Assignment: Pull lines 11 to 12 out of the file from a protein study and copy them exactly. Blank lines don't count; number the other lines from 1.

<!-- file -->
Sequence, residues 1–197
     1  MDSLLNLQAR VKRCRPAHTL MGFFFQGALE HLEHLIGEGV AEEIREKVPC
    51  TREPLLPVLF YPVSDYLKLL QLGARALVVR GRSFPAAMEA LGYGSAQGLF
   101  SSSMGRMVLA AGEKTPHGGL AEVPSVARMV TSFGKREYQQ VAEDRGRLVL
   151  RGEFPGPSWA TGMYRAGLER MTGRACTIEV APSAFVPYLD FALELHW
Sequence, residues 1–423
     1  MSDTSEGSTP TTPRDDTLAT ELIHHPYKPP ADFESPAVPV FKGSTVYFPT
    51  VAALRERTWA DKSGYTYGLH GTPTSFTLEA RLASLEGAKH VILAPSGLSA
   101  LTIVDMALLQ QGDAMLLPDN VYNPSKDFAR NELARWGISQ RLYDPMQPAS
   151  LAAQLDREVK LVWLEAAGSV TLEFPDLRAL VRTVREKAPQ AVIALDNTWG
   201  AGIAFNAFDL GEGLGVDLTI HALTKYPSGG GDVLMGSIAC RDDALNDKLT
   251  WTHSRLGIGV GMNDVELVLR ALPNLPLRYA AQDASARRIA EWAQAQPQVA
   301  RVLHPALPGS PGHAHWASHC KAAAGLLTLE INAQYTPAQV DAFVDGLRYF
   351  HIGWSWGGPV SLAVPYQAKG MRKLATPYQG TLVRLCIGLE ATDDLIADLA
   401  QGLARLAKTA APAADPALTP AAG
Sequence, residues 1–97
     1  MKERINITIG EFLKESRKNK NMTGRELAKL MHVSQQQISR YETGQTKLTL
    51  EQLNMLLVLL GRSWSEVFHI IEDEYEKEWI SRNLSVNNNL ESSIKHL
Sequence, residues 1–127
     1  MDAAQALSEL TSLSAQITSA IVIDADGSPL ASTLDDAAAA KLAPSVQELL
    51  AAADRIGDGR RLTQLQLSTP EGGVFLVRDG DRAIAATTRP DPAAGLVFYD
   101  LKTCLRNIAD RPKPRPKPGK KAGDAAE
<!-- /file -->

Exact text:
   201  AGIAFNAFDL GEGLGVDLTI HALTKYPSGG GDVLMGSIAC RDDALNDKLT
   251  WTHSRLGIGV GMNDVELVLR ALPNLPLRYA AQDASARRIA EWAQAQPQVA